Two and a half years after it made a crash landing in New York’s Hudson River, US Airways Flight 1549 is resuming its trip down to Charlotte, North Carolina. But this time, it’s taking the highway.
On Saturday, the Airbus A320 started its journey southbound from New Jersey, where it had been living since it was rescued from the water. In January 2009, just minutes after taking off from New York’s LaGuardia airport, the plane hit a flock of geese, causing it to lose power in both engines. Capt. Chesley “Sully” Sullenberger became an overnight American hero for his split-second decision to land in the river.
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Over the next several days the plane’s 120-foot fuselage—partially uncovered for the viewing pleasure of off-road onlookers— will head south to become a permanent exhibit at the Carolinas Aviation Museum. Like any good twenty-first century road-tripper, the Museum is tweeting the entire way down.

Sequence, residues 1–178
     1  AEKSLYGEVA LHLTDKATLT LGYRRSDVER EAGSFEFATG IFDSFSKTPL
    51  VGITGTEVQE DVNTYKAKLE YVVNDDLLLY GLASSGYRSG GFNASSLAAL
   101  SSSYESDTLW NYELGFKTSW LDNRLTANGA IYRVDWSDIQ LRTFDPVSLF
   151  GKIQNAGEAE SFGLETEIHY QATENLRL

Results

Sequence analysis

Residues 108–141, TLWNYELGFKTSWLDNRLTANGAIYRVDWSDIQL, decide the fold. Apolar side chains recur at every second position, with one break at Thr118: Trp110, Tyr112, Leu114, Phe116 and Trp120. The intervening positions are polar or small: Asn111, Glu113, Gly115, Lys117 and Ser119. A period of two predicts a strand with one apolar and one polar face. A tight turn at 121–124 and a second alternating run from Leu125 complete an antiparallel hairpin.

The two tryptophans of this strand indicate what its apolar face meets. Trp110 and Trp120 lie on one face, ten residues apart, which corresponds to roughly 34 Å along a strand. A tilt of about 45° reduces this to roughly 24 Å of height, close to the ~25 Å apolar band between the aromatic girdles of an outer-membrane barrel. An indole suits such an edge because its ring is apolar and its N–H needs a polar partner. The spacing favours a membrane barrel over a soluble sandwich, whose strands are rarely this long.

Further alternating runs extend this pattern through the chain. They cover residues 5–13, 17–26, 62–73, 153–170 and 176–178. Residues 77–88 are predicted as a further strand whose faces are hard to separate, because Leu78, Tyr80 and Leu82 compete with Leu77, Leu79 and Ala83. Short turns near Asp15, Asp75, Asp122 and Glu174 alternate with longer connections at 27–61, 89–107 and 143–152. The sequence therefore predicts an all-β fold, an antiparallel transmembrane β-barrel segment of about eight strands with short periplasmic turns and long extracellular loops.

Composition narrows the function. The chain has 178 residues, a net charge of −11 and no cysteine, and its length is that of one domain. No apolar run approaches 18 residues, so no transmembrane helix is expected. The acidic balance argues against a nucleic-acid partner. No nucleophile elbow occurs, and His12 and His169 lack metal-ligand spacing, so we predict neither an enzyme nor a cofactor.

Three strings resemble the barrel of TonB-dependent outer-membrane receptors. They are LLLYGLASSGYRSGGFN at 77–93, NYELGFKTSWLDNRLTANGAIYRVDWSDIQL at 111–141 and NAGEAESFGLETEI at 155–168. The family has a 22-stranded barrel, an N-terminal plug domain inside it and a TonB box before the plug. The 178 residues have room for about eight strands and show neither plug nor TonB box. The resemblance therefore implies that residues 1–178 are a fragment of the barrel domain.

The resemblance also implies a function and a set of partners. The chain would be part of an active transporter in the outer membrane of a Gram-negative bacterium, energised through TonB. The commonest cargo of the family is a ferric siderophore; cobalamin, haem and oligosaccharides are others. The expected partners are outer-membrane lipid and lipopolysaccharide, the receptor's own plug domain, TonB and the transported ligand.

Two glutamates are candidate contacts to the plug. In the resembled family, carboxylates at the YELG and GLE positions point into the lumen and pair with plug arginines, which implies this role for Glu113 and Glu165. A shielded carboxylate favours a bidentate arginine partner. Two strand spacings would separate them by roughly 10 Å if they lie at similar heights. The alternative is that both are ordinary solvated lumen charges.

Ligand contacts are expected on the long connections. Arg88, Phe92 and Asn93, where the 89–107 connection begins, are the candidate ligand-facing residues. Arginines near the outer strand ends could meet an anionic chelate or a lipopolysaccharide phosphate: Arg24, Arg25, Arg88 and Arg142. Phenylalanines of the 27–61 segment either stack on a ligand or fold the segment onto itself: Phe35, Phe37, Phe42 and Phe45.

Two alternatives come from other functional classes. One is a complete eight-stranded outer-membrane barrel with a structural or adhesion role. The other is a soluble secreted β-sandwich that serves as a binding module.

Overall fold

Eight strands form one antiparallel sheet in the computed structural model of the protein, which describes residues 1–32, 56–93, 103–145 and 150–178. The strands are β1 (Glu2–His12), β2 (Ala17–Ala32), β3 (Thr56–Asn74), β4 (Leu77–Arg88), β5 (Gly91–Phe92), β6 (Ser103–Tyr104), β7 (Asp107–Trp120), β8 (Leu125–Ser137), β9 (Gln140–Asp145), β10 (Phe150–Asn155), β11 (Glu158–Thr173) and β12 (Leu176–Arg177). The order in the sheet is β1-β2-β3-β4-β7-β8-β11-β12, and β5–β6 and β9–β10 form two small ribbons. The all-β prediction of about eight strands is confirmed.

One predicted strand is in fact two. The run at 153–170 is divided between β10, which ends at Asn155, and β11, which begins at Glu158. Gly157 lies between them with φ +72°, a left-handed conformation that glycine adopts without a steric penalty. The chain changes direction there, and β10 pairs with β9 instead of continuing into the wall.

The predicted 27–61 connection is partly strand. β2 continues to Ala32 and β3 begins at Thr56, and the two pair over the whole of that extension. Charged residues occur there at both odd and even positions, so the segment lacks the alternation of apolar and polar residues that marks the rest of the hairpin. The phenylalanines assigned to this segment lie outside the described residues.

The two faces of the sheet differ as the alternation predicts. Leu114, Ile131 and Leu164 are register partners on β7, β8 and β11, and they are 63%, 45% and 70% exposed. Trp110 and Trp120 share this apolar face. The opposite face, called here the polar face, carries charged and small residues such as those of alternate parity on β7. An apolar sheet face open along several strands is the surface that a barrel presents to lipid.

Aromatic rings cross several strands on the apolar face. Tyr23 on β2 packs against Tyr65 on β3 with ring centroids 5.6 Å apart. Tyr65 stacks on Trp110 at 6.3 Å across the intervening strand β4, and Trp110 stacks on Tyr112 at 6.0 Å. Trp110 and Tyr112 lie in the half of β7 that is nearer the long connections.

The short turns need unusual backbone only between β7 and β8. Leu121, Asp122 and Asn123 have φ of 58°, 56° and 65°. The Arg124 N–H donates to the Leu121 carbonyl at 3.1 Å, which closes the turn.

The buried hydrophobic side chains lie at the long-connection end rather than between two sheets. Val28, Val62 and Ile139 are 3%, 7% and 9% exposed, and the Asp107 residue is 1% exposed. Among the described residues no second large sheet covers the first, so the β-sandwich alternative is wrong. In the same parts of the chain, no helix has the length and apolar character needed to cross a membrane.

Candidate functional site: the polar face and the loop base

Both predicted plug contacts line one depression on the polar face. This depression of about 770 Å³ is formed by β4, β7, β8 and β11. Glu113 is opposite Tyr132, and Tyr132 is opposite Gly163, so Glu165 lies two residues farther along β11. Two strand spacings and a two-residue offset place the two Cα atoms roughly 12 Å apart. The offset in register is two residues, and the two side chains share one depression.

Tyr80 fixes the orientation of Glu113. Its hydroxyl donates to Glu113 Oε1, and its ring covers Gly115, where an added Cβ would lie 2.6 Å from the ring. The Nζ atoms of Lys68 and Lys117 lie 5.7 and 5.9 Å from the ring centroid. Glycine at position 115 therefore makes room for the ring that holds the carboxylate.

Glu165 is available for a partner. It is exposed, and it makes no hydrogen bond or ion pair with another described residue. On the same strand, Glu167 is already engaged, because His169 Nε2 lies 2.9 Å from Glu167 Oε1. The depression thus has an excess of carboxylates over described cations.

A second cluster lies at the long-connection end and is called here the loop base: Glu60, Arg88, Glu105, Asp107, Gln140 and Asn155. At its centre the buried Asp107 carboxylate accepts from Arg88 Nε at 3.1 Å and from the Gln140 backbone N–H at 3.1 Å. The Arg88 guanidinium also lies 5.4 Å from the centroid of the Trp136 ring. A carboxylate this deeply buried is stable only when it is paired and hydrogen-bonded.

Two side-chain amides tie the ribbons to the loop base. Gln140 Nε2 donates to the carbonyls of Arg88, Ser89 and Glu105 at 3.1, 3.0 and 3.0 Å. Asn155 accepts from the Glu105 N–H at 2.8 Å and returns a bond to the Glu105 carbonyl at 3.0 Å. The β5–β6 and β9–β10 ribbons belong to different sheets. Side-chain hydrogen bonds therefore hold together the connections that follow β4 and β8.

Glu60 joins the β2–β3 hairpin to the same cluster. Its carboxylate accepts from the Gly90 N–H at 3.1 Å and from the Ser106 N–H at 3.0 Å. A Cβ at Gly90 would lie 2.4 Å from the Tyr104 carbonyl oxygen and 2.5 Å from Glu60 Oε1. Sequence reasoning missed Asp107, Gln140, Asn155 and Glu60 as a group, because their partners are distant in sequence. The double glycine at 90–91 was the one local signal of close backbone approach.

Sullenberger is scheduled to speak at a sold-out June 11th event at the museum to celebrate the plane’s arrival. Also present will be many of the 155 passengers and crew who were onboard Flight 1549, some of whom have donated personal items to remain displayed with the plane. Already in Charlotte are containers full of artifacts recovered from the crash—emergency doors, seat cushions used as flotation devices, the auxiliary power unit that allowed for a safe landing. It will take several further months to reassemble the aircraft for display; the permanent exhibition is set to open in January 2012.
For now, the trailer on which the plane’s body lies is left dodging roads with tollbooths and low overpasses. And likely, just to be safe, dodging flocks of geese, too.
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